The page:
The Nursing and Midwifery Council has been urged to make amendments to the feedback element of its revalidation system, in order to make it “more meaningful” to registrants.
“We continue to recommend that the NMC looks to adapt the feedback element”
The recommendation was made following an independent evaluation of the NMC’s revalidation system following its advent three years ago.
In response, the NMC has agreed to review the feedback component and is considering moving to a ’quality over quantity’ approach.
The NMC introduced revalidation as a successor to the previous post-registration education and practice standards, or PREP.
One of the key differences between revalidation and PREP was the requirement to obtain five pieces of practice-related feedback from patients, families, colleagues or managers.
The NMC commissioned Ipsos MORI Social Research Institute to conduct annual reviews of the revalidation system for the first three years with the final report published this week.
The report noted that NMC bosses had hoped that registrants getting feedback from patients would in turn result in “greater responsiveness to patient need and improvements in practice”.
However, the review found that registrants were not always sure how to get feedback from patients and families, and said the NMC “could do more to support this”.
It noted how nurses and midwives in more isolated roles and those working with vulnerable patients, or who had little contact with patients, faced particular barriers.
Registrants were found to be using “passive” routes to collect feedback from patients, such as thank-you cards, rather than directly asking for it.
“The passively collected feedback which was often used was seen to be less likely to lead to meaningful change,” said the report.
While the review found a small increase in cases of registrants actively seeking practice-related feedback from patients by those who had recently revalidated compared to those who had not, this was not sustained with numbers dropping again within two years of going through the process.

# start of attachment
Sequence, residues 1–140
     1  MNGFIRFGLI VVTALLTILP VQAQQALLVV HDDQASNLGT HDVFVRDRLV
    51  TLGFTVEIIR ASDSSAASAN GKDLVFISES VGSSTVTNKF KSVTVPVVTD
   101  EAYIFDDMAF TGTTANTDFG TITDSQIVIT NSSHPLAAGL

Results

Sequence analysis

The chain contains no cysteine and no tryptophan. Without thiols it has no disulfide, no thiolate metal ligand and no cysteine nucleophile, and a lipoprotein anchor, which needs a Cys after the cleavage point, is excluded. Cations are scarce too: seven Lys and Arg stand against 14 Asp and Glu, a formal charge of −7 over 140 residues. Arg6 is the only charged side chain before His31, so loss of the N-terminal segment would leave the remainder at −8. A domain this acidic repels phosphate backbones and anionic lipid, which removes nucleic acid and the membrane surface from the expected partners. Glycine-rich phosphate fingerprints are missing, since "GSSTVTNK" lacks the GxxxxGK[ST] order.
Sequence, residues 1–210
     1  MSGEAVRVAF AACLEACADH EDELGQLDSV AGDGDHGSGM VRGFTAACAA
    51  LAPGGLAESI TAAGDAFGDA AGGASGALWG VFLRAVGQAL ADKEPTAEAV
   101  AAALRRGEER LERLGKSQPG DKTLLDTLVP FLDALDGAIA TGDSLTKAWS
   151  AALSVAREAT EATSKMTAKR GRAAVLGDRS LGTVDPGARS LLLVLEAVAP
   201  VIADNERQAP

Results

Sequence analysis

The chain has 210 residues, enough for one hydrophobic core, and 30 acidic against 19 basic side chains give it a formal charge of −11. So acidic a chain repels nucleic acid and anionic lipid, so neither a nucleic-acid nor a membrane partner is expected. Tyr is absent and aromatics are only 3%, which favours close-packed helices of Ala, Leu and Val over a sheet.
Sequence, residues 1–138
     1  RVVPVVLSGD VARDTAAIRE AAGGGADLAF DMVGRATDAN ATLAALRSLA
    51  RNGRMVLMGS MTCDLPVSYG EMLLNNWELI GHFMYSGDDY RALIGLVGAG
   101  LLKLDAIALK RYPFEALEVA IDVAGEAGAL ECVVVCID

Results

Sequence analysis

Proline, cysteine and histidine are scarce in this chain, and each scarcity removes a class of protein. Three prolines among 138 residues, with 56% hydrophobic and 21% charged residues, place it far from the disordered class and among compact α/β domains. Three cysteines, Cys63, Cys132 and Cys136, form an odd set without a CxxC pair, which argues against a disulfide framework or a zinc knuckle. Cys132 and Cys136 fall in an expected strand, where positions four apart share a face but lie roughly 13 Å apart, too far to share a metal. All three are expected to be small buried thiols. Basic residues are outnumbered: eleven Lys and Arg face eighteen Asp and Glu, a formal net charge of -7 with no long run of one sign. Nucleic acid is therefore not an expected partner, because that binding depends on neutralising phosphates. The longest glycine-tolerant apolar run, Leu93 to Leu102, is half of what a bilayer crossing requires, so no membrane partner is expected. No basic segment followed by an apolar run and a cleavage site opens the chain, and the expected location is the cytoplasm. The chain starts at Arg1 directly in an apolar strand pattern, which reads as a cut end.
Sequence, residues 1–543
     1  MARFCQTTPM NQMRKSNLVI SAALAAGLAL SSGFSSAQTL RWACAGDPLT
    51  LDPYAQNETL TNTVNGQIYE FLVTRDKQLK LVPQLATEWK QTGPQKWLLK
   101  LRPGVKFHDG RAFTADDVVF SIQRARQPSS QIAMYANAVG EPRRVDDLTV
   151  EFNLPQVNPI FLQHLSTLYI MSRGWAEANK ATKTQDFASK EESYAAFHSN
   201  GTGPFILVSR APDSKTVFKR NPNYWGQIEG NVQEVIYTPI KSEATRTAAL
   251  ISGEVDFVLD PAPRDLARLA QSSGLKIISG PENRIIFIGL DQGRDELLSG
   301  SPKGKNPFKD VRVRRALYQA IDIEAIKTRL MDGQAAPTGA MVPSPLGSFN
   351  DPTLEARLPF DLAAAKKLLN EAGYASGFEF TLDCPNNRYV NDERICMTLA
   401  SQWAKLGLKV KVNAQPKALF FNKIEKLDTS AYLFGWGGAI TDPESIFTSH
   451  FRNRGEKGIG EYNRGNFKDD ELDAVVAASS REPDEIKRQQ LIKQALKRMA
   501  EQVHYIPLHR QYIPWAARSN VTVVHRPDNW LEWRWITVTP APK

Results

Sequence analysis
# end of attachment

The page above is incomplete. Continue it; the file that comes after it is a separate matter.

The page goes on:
Meanwhile, many registrants said they received no more feedback than they had done prior to revalidation.
The review found that these barriers led to many registrants using feedback from colleagues rather than patients.
“Therefore, evidence that the feedback requirement contributed to improved responsiveness to patient needs was therefore limited,” concluded the report.
The review went on to recommend a host of changes to make the feedback requirement of revalidation “more meaningful”.
“We continue to recommend that the NMC looks to adapt the feedback element seeking to make it more meaningful to registrants, and ensuring feedback is used in a constructive, critical and helpful way,” it said.
These included the NMC outlining the principles and value of constructive feedback in revalidation guidance.
It noted as well that more could be done to get registrants to reflect on their feedback, including requiring them to base at least one of their five reflective accounts required for revalidation on a statement they had received, and using the feedback in their discussions with their employers.
The review also asked the NMC to think about “reducing the number of pieces of feedback but include a means for people to describe how they have used this feedback constructively”.
In addition, it said the NMC could work with other professional regulators to create common approaches for collecting and using feedback patients and from other healthcare professionals.
The NMC outlined its commitments to addressing the issues identified in its latest annual report into revalidation.
One of the solutions suggested by the NMC was to allow registrants to gather fewer pieces of feedback.
“Effective feedback is key to meaningful change and we think we can do more to provide guidance in this area,” said the NMC.
“People report that the quality of feedback is variable with nurses and midwives sometimes being passive recipients of feedback rather than seeking it proactively.
“This might be best achieved by moving away from specifying numbers and focusing more on quality.”
The NMC said it also recognised that there could be barriers to collecting feedback, particularly from people who use services, patients and their families.
“We want to work with patient representative groups and others to understand what support we can provide to help overcome these barriers,” it added.
“We look forward to using this information as part of our wider organisation strategy development work”
Overall, the independent review determined that the first three-year cycle of revalidation had proven to be a success.
“There were no substantial issues with the process, and from the statistical analysis, positive effects were identified relating to nurses’ and midwives’ understanding of the Code and shifts in attitudes and behaviours,” it said.
Between April 2016 and March 2019, a total of 611,46242 registrants had successfully revalidated representing 93% of those who were due to revalidate during that time.
The overall number of nurses, midwives and nursing associates letting their registration with the NMC lapse over the three years was 42,16743 (6.4%).
The lapsing rate of 6.2% in year three was identical to the lapsing rate in the second year and similar to the 6.9% rate in the first year.
Emma Broadbent, director of registration and revalidation at the NMC, said both the independent and the regulator’s own evaluations identified “some interesting insights and welcome challenge”.
“We look forward to using this information as part of our wider organisation strategy development work to ensure we continue to grow revalidation and help support and sustain further improvements now and for the future,” she added.